[Ontbirds] Fwd: Yellow Rail in Algonquin Park

Lev Frid lev.frid at gmail.com
Fri Oct 2 20:15:20 EDT 2015


Apparently this didn't send the first time?
---------- Forwarded message ----------
From: "Lev Frid" <lev.frid at gmail.com>
Date: Oct 2, 2015 6:16 PM
Subject: Yellow Rail in Algonquin Park
To: <birdalert at ontbirds.ca>, "rick stronks" <rick.stronks at ontario.ca>, "Ron
Tozer" <rtozer at vianet.ca>, "Dan Strickland" <dan at grayjaystudy.ca>, "Dawn
Sherman" <publications at algonquinpark.on.ca>
Cc:

Hi folks,

I was out looking for Nelson's Sparrows today in the Lake Travers marsh on
the East Side of Algonquin.

I usually walk transects of the marsh when I'm by myself, towards a wide
creek in the middle of the marsh to drive any birds to the edge where they
can be seen.

Imagine my surprise when amongst the various sparrows out runs a Yellow
Rail. I managed to corral it into a 2x2 metre "peninsula" of sedge in
between mudflats and spent an agonizing minute or so attempting to document
it with my phone, as it ran, periodically giving squeak calls, circles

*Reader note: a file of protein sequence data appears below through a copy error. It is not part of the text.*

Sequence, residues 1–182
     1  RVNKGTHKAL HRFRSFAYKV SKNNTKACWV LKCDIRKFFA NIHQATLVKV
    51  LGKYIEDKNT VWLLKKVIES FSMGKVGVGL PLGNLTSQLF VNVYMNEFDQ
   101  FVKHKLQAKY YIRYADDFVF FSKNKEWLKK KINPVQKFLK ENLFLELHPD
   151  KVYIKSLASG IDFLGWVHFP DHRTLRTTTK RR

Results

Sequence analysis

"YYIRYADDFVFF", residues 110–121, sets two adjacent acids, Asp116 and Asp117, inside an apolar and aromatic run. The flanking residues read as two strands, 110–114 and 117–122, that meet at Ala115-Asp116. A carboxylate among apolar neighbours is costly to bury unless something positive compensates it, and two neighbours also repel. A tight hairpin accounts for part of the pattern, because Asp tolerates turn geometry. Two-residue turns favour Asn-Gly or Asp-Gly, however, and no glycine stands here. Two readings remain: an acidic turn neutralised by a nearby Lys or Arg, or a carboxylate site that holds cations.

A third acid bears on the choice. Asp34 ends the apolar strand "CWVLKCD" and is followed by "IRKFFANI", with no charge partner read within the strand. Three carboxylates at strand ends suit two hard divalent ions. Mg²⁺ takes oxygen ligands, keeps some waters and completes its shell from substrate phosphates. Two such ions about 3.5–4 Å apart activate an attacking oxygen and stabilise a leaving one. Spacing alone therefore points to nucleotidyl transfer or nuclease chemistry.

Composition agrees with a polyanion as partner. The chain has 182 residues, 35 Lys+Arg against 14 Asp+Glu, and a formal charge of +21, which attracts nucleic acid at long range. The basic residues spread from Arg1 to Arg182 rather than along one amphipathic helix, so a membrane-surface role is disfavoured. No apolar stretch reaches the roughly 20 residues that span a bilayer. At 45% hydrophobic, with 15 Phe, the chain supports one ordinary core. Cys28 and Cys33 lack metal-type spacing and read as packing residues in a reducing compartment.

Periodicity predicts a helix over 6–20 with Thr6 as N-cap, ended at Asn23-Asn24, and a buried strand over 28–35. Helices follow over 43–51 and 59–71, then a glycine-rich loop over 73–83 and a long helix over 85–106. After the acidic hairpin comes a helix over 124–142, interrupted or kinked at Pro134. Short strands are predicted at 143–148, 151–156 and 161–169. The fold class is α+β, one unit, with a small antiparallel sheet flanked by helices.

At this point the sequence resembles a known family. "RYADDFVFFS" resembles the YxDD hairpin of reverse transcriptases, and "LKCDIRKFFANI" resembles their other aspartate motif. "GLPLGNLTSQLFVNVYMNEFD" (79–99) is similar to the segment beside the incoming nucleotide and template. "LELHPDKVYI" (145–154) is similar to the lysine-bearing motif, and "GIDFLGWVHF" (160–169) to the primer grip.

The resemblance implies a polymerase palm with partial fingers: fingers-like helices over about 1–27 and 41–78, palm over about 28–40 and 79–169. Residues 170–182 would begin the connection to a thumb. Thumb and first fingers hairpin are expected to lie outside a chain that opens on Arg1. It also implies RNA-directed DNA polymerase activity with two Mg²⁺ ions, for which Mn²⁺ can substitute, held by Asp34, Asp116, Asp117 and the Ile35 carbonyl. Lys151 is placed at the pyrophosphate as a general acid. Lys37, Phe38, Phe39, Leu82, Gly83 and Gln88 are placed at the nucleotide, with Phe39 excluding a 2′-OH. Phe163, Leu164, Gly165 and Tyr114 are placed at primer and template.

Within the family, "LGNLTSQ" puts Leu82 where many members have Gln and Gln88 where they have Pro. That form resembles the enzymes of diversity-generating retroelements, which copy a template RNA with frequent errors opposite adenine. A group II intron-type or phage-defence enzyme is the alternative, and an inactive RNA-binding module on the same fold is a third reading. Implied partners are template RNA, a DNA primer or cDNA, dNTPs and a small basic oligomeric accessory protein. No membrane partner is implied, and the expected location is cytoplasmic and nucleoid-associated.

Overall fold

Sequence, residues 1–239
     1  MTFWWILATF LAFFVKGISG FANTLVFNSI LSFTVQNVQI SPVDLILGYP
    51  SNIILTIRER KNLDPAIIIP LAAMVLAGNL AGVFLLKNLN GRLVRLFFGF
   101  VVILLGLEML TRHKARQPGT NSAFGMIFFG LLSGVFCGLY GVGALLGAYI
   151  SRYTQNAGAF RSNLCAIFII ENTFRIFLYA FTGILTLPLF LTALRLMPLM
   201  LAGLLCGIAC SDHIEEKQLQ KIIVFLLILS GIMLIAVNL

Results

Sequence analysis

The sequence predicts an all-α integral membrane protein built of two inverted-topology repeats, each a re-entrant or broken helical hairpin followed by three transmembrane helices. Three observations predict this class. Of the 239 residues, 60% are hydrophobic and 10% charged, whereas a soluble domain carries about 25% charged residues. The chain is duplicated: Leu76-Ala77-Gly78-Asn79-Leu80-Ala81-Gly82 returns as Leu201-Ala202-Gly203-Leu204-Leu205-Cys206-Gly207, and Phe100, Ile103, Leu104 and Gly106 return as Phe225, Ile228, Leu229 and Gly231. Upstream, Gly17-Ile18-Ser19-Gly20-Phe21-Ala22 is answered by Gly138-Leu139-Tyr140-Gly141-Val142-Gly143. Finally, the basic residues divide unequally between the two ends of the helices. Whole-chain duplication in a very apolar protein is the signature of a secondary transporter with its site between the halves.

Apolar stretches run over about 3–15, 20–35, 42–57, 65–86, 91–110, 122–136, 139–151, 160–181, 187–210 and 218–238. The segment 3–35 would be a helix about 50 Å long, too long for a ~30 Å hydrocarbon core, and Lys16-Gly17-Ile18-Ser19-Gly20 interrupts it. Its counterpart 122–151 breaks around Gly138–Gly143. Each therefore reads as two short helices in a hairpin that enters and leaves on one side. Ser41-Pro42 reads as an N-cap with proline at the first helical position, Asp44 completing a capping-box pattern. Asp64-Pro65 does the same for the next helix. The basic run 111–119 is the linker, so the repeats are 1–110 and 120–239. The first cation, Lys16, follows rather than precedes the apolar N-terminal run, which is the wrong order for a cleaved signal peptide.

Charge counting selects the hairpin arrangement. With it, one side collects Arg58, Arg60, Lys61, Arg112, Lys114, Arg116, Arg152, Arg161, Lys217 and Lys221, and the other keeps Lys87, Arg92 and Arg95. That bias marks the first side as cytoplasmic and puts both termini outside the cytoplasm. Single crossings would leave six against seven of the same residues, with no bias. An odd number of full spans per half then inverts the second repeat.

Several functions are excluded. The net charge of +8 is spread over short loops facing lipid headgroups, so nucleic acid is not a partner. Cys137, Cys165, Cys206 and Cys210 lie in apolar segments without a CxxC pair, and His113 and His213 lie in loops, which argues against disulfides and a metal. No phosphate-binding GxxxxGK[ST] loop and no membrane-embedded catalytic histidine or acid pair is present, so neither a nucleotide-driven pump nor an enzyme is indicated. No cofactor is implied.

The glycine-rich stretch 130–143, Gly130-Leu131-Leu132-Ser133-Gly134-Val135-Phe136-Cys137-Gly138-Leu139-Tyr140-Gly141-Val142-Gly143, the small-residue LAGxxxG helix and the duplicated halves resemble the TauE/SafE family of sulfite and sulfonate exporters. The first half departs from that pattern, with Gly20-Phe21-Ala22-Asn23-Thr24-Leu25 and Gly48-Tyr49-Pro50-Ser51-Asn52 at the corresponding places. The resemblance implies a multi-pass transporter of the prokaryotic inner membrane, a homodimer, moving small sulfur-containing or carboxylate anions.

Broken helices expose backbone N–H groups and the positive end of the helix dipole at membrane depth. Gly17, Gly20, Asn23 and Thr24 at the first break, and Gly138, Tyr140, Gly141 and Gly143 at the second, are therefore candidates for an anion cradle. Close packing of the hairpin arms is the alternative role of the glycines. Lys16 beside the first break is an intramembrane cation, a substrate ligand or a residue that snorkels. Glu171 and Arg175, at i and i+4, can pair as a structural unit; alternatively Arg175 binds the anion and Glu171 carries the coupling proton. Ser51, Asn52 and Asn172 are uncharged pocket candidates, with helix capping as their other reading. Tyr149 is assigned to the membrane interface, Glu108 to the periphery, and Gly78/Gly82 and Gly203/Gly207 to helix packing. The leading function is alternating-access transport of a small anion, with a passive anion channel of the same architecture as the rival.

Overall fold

around me and between my legs - my camera was useless at that distance. It
was a birding version of "whack-a-mole". It eventually managed to escape
the "sedge peninsula" without flushing and was not seen again.

This is the park's second record and first sight record, but I think they
are overlooked here on passage. The habitat here is ideal, especially this
year as the marsh is very dry. As evidenced they are remarkably difficult
to put up, tiny and extremely furtive. Something to keep an eye out for
while looking for sparrows here. I managed 5 Nelson's and two unidentified
ammos that escaped amongst lots of Swamp, Savannah, White-crowned and
White-throated.

Directions:

Between Pembroke and Petawawa, go south off the Highway 17 bypass onto
County Road 26 and then right on Barron Canyon Road. Lake Travers is 72 km
down this winding gravel road. You can get a park permit and maps at the
Sand Lake Gate.

Accessing the marsh is not for the faint of heart. The best way is by
canoe. The other way is to park at the crossroads with the radio
observatory just before the Lake Travers access point and bushwhack towards
the lake. The marsh seems shallow but is riddled with deep trenches and
deep, sticky mud. Be very careful - you are a long way from help here. Hip
waders are strongly recommended.

Cheers and good birding,

Lev Frid



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